A letter from the U.S. Department of Health and Human Services’ (HHS) Office for Civil Rights to Rep. Peter DeFazio (D-Ore.) signals an intent to move forward with providing clearer regulatory guidance relating to the Health Insurance Portability and Accountability Act (HIPAA) rules addressing mobile health app developers. The letter, written in November but made public last week, from HHS Secretary Sylvia Mathews Burwell responds to concerns outlined in an earlier request written by DeFazio on behalf of the trade group ACT | The App Association regarding enforcement of HIPAA. Continue reading
On January 12, 23andMe announced an agreement with Pfizer to provide the drug company with access to anonymous, aggregated information from consumers who bought 23andMe’s test over the past seven years to learn about their own genetic history. This furthers 23andMe’s plan to become a repository for human genetic makeup and to turn data gathered from its $99 saliva tests sold to consumers into a large information sharing deals with drug companies. However, the creation and use of this database raises potential privacy concerns.
During a media roundtable held this week, the Director of the U.S. Department of Health and Human Services’ Office for Civil Rights (OCR) Jocelyn Samuels provided additional information regarding the long awaited next round of audits for compliance with the Health Insurance Portability and Accountability Act (HIPAA). Specifically, she said that audits will be implemented “expeditiously” and will be governed by new audit guidelines. Continue reading
The Food and Drug Administration (FDA) recently submitted a proposed collection of information on disclosing risks in direct-to-consumer (DTC) prescription drug television (TV) advertisements to the Office of Management and Budget (OMB) for review and clearance.
According to the notice published in the Federal Register on January 13, 2015, prescription drug advertising regulations require that broadcast (TV or radio) advertisements present the product’s major risks, also referred to as the “major statement.” The FDA expressed concern that, as currently implemented in the DTC ads, the major statement is often too long, which may result in reduced consumer comprehension, minimization of important risk information and, potentially, therapeutic non-compliance due to fear of side effects. However, at the same time, the FDA also recognizes that there is a conflicting concern that DTC TV ads do not include adequate risk information or leave out important information.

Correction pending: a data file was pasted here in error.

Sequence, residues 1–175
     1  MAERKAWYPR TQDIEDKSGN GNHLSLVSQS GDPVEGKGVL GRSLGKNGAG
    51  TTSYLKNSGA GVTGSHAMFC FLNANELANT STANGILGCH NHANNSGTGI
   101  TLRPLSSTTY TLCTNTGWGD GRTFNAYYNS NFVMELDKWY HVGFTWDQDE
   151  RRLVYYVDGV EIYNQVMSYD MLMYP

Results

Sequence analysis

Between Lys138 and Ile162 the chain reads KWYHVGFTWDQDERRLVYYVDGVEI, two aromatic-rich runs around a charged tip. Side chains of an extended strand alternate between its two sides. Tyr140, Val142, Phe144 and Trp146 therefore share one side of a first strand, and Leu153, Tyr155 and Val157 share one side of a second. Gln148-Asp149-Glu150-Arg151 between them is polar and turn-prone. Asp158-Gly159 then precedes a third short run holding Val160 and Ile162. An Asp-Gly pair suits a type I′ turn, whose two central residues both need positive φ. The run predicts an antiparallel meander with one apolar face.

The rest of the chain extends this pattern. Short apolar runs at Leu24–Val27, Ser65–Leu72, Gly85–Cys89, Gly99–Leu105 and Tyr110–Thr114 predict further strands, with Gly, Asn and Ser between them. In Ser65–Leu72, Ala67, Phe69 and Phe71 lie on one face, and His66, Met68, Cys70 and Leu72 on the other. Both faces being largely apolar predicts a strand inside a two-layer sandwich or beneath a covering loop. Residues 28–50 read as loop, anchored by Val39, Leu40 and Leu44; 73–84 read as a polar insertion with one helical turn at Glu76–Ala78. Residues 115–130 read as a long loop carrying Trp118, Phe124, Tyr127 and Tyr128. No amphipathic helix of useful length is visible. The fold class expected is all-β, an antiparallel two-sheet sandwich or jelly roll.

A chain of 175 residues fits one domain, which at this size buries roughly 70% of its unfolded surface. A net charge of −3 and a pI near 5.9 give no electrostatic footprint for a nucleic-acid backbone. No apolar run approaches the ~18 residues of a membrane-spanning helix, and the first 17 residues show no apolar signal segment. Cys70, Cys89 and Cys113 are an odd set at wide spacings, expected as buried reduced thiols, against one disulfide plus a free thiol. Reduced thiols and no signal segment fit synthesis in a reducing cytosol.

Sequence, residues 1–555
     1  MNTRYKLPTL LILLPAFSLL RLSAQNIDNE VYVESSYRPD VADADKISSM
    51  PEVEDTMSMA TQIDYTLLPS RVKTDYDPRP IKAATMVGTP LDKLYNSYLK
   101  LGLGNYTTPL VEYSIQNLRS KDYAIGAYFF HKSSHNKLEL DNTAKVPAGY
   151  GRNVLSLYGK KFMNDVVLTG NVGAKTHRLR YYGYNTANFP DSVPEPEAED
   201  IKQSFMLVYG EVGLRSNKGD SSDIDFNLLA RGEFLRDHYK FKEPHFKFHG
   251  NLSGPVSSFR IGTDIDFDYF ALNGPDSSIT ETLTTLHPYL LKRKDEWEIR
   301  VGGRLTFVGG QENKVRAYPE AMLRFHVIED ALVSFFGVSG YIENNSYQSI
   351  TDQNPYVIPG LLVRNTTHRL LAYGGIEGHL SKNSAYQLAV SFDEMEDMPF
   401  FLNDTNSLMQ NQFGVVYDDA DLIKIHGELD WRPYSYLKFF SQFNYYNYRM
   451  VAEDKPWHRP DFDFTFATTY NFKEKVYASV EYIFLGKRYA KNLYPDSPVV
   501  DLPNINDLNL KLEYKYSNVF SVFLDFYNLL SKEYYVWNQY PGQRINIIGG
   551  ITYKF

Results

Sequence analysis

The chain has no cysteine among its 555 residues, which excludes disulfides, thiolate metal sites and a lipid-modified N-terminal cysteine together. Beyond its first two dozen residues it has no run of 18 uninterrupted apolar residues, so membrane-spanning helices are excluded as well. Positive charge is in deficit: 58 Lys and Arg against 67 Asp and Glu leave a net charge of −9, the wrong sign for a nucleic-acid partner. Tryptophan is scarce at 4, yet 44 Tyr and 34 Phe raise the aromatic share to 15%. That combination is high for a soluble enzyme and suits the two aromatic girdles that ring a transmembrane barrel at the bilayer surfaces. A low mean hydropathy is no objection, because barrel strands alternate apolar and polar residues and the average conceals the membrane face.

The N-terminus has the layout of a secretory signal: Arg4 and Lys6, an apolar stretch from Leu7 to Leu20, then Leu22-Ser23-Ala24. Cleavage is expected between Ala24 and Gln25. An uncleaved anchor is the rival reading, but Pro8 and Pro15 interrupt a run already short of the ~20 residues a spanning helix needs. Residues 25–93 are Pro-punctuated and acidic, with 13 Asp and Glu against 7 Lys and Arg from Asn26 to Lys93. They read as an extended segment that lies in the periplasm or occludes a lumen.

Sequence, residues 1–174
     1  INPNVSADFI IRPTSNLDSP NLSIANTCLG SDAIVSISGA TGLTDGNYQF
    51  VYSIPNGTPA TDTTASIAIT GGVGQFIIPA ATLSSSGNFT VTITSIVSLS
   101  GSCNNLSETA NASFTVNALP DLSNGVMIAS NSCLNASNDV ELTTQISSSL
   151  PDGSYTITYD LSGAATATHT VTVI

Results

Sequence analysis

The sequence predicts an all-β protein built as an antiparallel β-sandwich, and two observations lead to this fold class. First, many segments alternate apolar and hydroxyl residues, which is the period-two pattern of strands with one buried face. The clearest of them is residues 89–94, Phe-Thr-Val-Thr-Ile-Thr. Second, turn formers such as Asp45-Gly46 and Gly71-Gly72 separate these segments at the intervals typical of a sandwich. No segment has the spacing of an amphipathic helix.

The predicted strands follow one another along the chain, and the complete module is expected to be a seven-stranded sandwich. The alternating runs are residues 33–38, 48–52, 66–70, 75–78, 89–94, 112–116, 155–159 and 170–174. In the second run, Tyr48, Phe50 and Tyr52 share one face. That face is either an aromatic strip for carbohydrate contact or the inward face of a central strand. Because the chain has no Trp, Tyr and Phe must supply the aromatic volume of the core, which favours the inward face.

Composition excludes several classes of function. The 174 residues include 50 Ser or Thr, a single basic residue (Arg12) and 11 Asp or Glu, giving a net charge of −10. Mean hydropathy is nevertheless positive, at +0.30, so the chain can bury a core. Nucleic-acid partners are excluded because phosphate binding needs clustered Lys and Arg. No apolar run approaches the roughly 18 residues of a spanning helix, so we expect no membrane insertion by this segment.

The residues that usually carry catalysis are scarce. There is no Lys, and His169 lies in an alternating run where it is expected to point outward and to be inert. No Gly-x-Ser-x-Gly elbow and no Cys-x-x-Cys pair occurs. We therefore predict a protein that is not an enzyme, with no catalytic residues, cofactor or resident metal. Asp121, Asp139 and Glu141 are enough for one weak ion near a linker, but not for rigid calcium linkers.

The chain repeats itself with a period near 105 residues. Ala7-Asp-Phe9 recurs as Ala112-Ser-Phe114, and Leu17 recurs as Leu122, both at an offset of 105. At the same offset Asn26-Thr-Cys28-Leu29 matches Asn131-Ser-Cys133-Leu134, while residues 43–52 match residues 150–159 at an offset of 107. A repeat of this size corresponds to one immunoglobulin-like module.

In order to evaluate these conflicting concerns, the FDA proposes a study intended to investigate the impact of limiting the risks presented in DTC prescription drug TV advertisements to those that are serious and actionable, including a disclosure to alert consumers that there are other product risks that are not disclosed in the advertisement. The FDA hypothesizes that, relative to the inclusion of the full major statement, providing limited risk information along with the disclosure about additional risks will promote improved consumer perception and understanding of serious and actionable drug risks.
The notice describes the study design in additional detail and provides responses to those comments from the industry in response to the FDA’s previous request for comments in February 2014 regarding DTC advertisements.
All comments are due by February 12, 2015 and should be identified with: (1) the OMB control number “0910-New” (2) the title “Disclosure Regarding Additional Risks in Direct-to-Consumer (DTC) Prescription Drug Television (TV) Advertisements (Ads)” and (3) “Docket No. FDA-2014-N-0168.” Comments should be faxed to the Office of Information and Regulatory Affairs, OMG, Attn: FDA Desk Officer, (202) 395-7285, or e-mailed to firstname.lastname@example.org.